A GROUP OF TEN technology companies with government contracts significantly underpay their corporation tax, according to a Conservative MP.
Charlie Elphicke, MP for Dover and former tax lawyer with law firm Hunton & Williams where he was partner, used parliamentary privilege to raise the issue of "tax avoidance on an industrial scale".
In Commons debate, he said the group - which includes IBM, Microsoft, Symantec, Dell, Oracle and CSC Computer Sciences - paid a total of £78m to HM Revenue & Customs on earnings of £17.5bn. According to Elphicke, the firms should have paid £879m, meaning there is a shortfall of more than £800m.
The companies all hold government contracts through which they receive large sums of public money - at least £1.8bn in revenue last year, according to Elphicke.
There is no suggestion that what any of the companies have done in reducing their bills is illegal, but Elphicke branded the situation "irresponsible, unethical and unacceptable" in comments made to The Times.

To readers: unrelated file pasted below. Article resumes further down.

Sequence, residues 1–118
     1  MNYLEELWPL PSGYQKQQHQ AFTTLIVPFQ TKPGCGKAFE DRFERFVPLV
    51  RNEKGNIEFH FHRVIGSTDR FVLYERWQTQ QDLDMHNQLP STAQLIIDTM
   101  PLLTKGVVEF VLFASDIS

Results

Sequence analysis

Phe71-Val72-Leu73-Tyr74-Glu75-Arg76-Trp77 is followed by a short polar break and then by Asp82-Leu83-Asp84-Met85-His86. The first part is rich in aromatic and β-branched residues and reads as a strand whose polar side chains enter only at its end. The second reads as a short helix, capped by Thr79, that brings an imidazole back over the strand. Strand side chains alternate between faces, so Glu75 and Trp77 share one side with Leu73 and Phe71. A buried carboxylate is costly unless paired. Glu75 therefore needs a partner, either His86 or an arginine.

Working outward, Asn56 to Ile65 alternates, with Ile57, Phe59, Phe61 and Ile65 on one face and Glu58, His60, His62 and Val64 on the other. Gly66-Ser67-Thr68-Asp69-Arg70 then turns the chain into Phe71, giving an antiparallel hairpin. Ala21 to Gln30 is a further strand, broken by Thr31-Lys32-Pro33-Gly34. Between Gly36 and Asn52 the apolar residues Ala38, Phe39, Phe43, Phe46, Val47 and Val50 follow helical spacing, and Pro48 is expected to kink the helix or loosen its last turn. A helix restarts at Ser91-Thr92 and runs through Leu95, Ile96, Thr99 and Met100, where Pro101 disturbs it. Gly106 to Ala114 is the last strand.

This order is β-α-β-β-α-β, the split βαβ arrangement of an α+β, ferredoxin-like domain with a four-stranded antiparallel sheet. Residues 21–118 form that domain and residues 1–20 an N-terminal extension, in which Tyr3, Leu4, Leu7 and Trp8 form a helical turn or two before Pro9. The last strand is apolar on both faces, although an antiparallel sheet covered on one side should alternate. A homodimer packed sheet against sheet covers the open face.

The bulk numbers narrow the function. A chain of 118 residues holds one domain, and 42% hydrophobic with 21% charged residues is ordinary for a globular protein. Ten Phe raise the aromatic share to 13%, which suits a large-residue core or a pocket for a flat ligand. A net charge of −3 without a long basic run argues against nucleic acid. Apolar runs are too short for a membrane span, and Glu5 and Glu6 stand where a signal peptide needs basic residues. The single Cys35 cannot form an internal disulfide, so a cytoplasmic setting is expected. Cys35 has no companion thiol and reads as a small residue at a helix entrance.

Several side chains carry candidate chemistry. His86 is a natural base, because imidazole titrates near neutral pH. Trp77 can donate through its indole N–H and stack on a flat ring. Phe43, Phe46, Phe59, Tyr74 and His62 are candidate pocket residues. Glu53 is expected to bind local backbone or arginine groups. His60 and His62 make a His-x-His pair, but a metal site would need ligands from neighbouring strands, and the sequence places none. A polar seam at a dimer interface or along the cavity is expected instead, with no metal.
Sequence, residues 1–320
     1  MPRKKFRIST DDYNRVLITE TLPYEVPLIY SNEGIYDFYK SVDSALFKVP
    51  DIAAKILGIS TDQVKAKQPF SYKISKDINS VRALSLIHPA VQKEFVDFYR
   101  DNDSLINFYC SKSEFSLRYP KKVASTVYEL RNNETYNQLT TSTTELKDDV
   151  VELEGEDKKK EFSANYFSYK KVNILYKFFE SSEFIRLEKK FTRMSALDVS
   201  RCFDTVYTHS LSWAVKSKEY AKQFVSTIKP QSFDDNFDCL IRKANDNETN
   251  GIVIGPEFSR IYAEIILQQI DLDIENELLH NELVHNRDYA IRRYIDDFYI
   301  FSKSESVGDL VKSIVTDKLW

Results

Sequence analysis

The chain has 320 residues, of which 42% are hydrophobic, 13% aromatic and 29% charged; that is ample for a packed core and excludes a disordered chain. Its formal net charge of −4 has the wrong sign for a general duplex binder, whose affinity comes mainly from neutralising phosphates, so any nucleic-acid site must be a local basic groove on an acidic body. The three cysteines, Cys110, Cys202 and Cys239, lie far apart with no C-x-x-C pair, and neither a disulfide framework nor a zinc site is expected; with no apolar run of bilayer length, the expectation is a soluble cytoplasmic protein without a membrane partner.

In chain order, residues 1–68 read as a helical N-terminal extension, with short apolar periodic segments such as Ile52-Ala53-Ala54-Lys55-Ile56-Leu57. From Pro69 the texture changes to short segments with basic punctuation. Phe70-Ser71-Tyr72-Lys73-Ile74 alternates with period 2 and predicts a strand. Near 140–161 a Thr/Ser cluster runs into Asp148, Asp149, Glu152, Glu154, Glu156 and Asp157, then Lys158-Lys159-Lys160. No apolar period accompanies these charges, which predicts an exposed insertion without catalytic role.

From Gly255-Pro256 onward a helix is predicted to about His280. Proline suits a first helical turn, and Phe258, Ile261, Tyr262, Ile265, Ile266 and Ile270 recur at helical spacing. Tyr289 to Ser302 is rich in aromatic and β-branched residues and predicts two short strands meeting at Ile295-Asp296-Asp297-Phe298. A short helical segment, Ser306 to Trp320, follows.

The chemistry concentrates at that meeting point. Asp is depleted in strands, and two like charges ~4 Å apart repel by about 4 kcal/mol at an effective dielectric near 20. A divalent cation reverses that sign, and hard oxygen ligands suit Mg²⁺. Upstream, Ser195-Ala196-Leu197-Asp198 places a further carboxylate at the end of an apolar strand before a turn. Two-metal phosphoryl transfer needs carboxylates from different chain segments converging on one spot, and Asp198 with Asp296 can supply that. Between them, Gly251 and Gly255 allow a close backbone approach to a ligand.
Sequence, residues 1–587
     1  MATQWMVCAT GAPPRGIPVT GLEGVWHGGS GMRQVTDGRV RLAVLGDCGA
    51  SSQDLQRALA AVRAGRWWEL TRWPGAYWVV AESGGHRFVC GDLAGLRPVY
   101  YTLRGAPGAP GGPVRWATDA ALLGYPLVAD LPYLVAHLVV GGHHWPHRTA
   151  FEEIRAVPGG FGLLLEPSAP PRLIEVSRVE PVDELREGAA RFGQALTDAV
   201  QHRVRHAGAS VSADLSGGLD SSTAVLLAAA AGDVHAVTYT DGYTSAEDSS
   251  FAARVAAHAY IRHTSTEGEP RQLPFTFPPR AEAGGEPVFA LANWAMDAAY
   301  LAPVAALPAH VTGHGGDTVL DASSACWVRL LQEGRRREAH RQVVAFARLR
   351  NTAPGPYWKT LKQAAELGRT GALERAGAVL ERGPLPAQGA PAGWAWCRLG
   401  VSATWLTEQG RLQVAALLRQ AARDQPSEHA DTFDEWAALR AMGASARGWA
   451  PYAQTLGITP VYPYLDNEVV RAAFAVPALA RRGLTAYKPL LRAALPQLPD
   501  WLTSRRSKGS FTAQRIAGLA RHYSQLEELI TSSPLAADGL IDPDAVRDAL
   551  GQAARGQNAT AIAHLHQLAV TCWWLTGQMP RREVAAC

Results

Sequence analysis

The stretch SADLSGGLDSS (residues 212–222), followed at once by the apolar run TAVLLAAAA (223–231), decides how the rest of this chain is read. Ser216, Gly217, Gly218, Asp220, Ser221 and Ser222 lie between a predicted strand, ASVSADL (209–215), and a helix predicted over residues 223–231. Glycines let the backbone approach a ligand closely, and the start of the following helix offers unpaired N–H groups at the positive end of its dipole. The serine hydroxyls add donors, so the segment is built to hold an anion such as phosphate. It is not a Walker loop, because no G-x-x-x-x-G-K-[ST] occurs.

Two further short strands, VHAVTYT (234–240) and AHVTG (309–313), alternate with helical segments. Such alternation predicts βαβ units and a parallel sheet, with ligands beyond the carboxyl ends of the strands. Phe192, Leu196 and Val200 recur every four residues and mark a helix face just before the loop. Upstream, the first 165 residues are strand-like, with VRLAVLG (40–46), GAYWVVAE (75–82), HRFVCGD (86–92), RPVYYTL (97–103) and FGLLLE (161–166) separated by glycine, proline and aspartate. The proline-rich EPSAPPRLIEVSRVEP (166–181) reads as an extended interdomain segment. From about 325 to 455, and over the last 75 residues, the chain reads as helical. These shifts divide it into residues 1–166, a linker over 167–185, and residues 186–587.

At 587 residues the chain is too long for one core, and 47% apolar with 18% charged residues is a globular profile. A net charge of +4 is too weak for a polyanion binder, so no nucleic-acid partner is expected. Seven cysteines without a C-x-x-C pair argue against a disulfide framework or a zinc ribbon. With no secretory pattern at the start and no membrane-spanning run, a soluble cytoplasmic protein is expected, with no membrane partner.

"When awarding government contracts, we should weigh the amount of taxpayers' money shelled out against the amount of corporation tax paid by government contractors. This would help level out the playing field between tax-paying UK companies and tax-avoiding companies from overseas," he added.
Elphicke's comments follow last year's public distaste over corporate tax avoidance after several companies including Amazon, Google and Starbucks paid little or no corporation tax. The coffee house recently attempted to placate its critics by offering to pay £20m to HMRC over this year and next.
Sign up for Financial Director email alerts
Please enter your email below to receive your profile link
Search by job title, salary, or location - we only list senior financial roles
6.30pm, 16 Jul 2014
Analysing Excellence: How CFOs can drive business decisions by interpreting data
8.30am, 26 Jun 2014
Targeted at FDs and CFOs, the FD Conference 2014 provides a platform in which to learn from outstanding keynotes and network with like-minded peers
The governance and management of the Co-operative Group has been damned in two separate reviews. Richard Crump looks at where it can go from here
Send to a friend